I liked the book. Did not love it. I will pick up another Murakami I believe!

Whom do I recommend this to

This is for those who like good writing and are generally attracted to short fiction.

Quotable Quotes

Music has that power to revive memories, sometimes so intensely that they hurt.

But one day, quite unexpectedly, he fell deeply in love. Like a clever fox suddenly finds itself caught in a trap.

Women are all born with a special, independent organ that allows them to lie. This was Dr. Tokai’s personal opinion. It depends on the person, he said, about the kind of lies they tell, what situation they tell them in, and how the lies are told. But at a certain point in their lives, all women tell lies, and they lie about important things. They lie about unimportant things, too, but they also don’t hesitate to lie about the most important things. And when they do, most women’s expressions and voices don’t change at all, since it’s not them lying, but this independent organ they’re equipped with that’s acting on its own. That’s why—except in a few special cases—they can still have a clear conscience and never lose sleep over anything they say.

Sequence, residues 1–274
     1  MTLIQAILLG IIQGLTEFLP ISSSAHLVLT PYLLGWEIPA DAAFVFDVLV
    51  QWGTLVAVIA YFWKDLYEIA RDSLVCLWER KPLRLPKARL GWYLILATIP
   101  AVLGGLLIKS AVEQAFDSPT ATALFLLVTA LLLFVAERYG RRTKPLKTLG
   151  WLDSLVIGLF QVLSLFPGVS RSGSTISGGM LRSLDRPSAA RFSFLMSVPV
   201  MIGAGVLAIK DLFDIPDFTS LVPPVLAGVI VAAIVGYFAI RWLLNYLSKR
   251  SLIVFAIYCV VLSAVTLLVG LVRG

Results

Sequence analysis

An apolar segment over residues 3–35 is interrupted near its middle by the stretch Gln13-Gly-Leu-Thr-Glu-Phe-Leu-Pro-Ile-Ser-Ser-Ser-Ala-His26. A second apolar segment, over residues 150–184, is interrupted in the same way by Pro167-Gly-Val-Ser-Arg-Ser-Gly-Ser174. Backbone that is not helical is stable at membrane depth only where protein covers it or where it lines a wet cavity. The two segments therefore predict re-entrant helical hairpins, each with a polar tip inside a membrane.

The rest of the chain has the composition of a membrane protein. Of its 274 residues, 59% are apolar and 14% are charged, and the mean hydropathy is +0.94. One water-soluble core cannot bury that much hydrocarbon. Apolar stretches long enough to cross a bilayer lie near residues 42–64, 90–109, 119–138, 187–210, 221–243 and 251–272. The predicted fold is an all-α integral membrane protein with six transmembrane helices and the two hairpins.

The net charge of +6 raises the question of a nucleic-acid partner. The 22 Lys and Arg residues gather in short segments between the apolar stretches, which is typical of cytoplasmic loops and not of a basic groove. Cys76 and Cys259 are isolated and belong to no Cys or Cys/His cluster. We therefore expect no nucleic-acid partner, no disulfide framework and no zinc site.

HE WOKE TO discover that he had undergone a metamorphosis and become Gregor Samsa.

Go ahead, grab yourself a copy of Men without Women and tell us what you think about the book! If you are a Kindle person, ensure to select the Kindle edition of the book.

Men without Women

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Veena Choudhary

An avid reader and history fanatic.

Mumbai, MH